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Editorial: In-depth debate in LDP presidential election needed to restore public faith

  • August 11, 2018
  • , The Mainichi
  • English Press

Will the Liberal Democratic Party (LDP) be able to break free of the feeling of stagnation within its own ranks? On Aug. 10, former secretary-general of the party Shigeru Ishiba officially declared his candidacy for the September LDP presidential race.


It is clear that Ishiba is far behind current LDP President and Prime Minister Shinzo Abe, who is looking to be elected to his third term as president of the ruling party and become the longest-serving prime minister in postwar Japan. Prime Minister Abe already has a majority in vote pledges by LDP members of the National Diet. As such, it is all the more important for Ishiba to take the initiative to bring up his points of contention with the current Abe government and head toward serious policy debate.


At the press conference he held to announce his bid for party president, Ishiba said he would aim for “politics that is honest, fair, humble and polite.” The comment was a strong criticism of Prime Minister Abe, who has brought on public distrust through favoritism scandals involving school operators Moritomo Gakuen and the Kake Educational Institution. He also vowed to return trust in both politics and the government, including what are criticized as the unsavory practices of the Cabinet Bureau of Personnel Affairs.


It seems that Ishiba intends to first question Abe’s political methods, which stand out for silencing opposing views and running both the party and the Diet with an iron fist.


It also appears as though Ishiba may take a stance against Abe’s goal of realizing constitutional revisions during his time as prime minister that would clearly define the existence of the Self-Defense Forces in war-denouncing Article 9 of the Constitution, while retaining its second paragraph banning Japan from possessing any war potential.


The LDP presidential election, which in reality is a race that will choose the next prime minister of Japan, is also an opportunity to review the accomplishments of the Abe administration that has now held power for over five and a half years. At the same time, it should also be a place to foster debate over government policy measures focusing on the Japan of 10 or even 20 years from now, beginning with the issue of the declining population that Ishiba strongly claimed was the “greatest crisis” for Japan during his press conference.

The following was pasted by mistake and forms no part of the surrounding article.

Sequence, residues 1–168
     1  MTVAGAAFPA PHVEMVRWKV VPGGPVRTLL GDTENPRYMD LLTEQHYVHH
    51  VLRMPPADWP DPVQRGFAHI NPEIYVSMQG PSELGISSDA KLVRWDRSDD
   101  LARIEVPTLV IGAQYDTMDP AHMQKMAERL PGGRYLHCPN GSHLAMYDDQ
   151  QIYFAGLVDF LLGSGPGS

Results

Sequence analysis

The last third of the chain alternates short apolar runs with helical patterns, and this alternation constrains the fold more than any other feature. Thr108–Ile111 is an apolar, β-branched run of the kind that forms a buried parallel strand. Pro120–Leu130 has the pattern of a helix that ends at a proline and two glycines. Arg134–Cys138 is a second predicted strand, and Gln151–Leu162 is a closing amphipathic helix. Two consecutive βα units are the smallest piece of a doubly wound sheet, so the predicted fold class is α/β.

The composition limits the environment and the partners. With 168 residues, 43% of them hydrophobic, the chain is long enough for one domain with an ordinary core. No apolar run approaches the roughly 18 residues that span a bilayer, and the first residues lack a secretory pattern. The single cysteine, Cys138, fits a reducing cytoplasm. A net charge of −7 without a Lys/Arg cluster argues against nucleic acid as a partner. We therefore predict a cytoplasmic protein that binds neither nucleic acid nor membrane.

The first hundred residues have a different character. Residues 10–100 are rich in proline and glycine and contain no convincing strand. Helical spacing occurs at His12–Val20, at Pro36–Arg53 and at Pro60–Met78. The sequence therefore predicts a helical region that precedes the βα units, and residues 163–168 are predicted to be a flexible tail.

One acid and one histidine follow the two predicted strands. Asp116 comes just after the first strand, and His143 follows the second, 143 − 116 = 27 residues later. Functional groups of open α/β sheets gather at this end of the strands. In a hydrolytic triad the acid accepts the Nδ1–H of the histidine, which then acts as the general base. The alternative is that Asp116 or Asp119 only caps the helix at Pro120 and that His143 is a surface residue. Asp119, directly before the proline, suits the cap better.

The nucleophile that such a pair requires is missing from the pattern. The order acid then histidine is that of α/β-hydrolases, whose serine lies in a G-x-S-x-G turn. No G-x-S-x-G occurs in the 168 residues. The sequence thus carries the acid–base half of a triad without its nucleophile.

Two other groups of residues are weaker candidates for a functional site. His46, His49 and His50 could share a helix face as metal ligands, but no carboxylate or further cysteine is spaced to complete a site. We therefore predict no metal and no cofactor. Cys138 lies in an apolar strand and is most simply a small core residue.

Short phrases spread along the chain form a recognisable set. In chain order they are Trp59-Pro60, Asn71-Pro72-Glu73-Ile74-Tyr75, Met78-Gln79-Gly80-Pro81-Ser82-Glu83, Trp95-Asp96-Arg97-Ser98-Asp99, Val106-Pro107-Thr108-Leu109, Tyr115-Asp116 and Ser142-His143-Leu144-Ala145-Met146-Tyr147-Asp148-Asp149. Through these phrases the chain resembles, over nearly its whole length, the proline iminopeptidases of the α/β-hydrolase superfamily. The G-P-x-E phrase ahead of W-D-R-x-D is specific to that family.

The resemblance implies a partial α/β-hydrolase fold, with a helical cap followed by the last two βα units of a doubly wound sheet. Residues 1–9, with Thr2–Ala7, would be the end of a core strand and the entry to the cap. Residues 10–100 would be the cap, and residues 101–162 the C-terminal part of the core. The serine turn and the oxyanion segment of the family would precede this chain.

In this way as well, concretely showing differences between his policy and that of the prime minister will both make it easier for rank-and-file members and supporters of the LDP who have placed their hopes in Ishiba to decide whom they should vote for in the race, and for the country as a whole to also understand the differences between the two men. In addition, in-depth debate will possibly bring about a sense of tension within the party.


LDP Policy Research Council Chairman Fumio Kishida, who had been considering running in the election, quickly withdrew, leaving five out of the seven political factions within the LDP in support of Abe’s third election to the position of party president.


Still, within the LDP, there is still a deeply rooted uneasiness about the summer 2019 House of Councillors election if things in the party remain stagnant. The most representative of this worry is the Takeshita political faction, whose leader Wataru Takeshita, has decided to allow the 55 members of the group in the upper and lower house to vote individually. An overwhelming majority of the members of the Takeshita faction in the House of Councillors are thought to support Ishiba.


There are also voices claiming that people in regional areas in particular are dissatisfied with the prime minister. The LDP is worried that if the LDP presidential election is decided without honest and direct policy debate, then the risk of criticism of the party will only continue to grow stronger.


If Ishiba could gather a considerable amount of votes this time, even if Prime Minister Abe was able to lock in a third victory, then the prime minister’s influence within the party would decline.


As Prime Minister Abe prepares to officially announce his candidacy for next month’s LDP election in the near future, this is the time for the country as a whole to examine the condition and the future of Japan’s ruling political party.

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